Freedom to speak your mind and live by your convictions—a person’s freedom of conscience—is the first, most fundamental, American right. James Madison believed strongly in the freedom of conscience, even claiming, “This right is in its nature an unalienable right” in his Memorial and Remonstrance written in 1785. Maintaining and defending “freedom of conscience” protects every citizen from being coerced, cajoled, intimidated or bullied into taking a point of view that goes against their deepest convictions.Read the rest.
It’s a sad day in America when that right is up for debate.
Mr. President, in a contentious moment in America’s court of public opinion, you must lead. Please use the bully pulpit to educate Americans on how true liberty ought to play out in a pluralistic society. You’ve got the ear of gay activists, now use it to call a truce. Take two minutes and step in front of the White House press corps and put a stop to this nonsense.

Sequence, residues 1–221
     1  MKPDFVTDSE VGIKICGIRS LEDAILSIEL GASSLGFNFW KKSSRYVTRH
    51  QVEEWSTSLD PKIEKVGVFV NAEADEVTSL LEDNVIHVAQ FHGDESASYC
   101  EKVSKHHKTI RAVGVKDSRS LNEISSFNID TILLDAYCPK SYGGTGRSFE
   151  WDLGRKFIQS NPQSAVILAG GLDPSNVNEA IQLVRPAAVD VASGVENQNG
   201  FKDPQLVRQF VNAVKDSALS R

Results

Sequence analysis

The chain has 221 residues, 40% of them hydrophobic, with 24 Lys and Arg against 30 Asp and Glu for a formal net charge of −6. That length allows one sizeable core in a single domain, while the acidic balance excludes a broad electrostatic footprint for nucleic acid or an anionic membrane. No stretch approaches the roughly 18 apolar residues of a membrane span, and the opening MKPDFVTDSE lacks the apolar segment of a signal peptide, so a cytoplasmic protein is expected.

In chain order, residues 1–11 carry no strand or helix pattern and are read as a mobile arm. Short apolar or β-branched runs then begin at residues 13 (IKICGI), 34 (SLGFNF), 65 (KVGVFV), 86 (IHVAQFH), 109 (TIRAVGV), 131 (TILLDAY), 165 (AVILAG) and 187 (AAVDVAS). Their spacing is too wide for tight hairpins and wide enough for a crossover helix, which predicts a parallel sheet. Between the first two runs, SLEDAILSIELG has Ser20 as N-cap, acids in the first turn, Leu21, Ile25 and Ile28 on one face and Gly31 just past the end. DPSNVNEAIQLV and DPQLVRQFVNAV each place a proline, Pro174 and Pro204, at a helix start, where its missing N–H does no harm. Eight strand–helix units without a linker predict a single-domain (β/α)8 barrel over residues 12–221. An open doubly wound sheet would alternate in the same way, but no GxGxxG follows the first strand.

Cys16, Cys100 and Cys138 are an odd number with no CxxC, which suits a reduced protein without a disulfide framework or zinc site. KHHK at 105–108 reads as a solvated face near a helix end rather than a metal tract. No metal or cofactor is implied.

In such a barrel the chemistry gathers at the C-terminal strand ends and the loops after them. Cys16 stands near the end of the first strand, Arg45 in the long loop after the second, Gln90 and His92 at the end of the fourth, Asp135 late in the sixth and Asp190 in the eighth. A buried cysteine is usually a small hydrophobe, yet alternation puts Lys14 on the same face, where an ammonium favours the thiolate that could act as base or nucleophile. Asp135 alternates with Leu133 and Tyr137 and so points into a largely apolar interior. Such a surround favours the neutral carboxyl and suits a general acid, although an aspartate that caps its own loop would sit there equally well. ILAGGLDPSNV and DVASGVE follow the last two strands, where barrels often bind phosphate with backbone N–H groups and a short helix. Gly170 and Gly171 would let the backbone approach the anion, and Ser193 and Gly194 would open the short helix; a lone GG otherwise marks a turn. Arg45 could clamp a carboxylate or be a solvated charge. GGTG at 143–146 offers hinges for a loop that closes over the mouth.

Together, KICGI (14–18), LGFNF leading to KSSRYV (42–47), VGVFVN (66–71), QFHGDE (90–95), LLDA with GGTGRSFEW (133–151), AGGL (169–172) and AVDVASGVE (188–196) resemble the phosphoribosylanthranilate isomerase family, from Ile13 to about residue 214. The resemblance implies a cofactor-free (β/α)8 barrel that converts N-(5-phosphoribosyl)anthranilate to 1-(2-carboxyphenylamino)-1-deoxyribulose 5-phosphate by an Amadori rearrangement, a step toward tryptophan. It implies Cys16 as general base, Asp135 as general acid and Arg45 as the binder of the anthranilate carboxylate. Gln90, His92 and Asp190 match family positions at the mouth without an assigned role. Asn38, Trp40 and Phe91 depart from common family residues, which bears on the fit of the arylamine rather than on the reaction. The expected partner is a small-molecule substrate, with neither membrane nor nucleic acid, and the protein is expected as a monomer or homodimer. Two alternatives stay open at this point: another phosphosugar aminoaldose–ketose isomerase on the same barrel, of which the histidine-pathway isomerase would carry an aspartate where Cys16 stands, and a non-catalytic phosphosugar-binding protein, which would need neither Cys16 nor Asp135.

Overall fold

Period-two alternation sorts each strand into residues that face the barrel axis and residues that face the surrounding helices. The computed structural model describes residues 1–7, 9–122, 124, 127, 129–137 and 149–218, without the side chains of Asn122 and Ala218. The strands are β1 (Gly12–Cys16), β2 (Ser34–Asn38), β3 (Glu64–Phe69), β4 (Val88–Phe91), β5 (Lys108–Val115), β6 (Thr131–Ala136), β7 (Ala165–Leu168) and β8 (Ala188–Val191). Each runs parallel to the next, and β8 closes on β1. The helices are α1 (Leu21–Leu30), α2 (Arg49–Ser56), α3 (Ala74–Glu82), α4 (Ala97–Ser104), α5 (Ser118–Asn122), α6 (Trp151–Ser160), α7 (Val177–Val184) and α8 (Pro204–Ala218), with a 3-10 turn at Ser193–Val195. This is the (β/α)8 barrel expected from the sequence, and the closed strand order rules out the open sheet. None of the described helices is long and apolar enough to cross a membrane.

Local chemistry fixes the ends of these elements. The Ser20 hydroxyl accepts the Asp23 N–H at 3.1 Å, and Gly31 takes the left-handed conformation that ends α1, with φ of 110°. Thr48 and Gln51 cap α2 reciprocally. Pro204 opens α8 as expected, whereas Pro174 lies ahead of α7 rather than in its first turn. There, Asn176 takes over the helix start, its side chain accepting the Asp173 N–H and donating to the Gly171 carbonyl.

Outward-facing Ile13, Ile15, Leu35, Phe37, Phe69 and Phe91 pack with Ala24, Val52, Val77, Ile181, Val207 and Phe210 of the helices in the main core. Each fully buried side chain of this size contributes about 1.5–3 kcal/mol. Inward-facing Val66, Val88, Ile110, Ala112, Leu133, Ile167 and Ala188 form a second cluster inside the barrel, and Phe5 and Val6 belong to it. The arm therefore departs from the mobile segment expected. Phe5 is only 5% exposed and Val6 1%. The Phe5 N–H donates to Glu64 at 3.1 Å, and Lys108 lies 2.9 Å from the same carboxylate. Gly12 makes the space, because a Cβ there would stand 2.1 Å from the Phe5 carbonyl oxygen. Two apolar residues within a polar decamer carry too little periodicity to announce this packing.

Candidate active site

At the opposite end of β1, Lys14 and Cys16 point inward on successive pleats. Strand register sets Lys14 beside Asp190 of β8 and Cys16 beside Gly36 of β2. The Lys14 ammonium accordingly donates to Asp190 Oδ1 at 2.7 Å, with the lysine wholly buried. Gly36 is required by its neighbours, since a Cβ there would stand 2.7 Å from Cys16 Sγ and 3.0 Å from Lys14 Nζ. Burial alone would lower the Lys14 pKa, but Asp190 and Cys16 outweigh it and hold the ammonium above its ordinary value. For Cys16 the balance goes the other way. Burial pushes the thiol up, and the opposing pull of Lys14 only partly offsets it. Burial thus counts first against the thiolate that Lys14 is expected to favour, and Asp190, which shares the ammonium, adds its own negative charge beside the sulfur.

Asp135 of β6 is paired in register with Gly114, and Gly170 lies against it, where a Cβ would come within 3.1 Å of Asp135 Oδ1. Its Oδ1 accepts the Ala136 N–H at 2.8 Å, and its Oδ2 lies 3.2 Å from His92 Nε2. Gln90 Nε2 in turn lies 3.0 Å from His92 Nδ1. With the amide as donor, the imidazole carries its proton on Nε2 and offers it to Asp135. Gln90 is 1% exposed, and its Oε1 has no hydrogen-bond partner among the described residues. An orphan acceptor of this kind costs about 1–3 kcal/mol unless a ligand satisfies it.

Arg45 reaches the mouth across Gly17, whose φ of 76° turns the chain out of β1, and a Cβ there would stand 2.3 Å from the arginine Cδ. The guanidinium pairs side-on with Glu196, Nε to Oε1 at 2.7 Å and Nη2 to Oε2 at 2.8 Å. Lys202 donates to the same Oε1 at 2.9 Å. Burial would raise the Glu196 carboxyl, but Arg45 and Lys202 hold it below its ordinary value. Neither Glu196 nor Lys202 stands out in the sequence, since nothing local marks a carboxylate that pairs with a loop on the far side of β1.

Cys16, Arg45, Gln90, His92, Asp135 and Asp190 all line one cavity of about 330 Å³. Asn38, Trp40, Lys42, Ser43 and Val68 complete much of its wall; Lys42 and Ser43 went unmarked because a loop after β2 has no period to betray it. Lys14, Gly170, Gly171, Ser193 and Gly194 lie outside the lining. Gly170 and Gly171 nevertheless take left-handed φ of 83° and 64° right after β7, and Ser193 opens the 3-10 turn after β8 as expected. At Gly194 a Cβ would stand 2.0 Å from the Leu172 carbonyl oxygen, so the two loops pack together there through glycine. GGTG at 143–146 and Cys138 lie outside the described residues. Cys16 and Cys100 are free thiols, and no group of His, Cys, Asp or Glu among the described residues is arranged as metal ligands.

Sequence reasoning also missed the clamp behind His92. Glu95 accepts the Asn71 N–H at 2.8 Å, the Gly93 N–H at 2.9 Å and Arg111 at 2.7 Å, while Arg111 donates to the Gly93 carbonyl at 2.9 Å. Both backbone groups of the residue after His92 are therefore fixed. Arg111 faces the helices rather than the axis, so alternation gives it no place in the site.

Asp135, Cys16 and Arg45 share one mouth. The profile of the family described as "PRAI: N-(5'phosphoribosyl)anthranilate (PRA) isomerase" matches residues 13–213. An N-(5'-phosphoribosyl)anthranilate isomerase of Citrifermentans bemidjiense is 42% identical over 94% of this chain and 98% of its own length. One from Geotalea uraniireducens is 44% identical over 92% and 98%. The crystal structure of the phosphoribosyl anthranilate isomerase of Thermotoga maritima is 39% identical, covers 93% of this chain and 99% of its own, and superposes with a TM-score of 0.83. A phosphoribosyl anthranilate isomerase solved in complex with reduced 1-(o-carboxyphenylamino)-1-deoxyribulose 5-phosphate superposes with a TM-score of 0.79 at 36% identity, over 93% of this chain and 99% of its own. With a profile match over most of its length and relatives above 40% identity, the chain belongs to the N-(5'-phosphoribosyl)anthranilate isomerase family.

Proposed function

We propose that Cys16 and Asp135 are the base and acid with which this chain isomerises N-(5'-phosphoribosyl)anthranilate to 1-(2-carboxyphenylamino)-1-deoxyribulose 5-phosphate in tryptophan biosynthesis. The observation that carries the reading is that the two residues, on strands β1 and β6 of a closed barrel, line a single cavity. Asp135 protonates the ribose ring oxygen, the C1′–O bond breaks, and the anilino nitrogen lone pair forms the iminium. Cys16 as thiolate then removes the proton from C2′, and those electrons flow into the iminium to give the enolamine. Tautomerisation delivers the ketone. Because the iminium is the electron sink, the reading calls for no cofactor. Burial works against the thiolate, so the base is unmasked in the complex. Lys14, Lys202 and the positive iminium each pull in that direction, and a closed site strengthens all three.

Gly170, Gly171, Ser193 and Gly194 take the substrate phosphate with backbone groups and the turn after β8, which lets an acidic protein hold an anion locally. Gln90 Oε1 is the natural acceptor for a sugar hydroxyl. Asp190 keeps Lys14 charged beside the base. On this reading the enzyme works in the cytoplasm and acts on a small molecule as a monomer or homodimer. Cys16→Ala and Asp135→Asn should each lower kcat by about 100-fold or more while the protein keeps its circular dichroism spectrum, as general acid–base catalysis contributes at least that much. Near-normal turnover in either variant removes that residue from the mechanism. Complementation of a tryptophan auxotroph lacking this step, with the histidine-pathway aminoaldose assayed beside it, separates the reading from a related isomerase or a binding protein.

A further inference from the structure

Remind all activists—gay and straight, male and female, union and non-union—that freedom of conscience, freedom of expression isn’t just some right. It is our first right.
And a pastor who once gave a sermon expressing his biblically based belief that homosexuality isn’t condoned does not deserve scorn.
The LGBTQ movement, which equates itself with the Civil Rights movement of the 60s, can learn a lesson from Martin Luther King Jr., whose birthday we are about to commemorate. King never lashed out at his opponents. He famously urged those around him to use only “the weapons of love.”
Mr. President, please remind the leaders and activists in the LGBT community of that truth. You alone can do it. It may not be a “Lincoln moment” but it would be a “King moment” and that’s not such a bad thing.
Books by Gabe Lyons can be found here.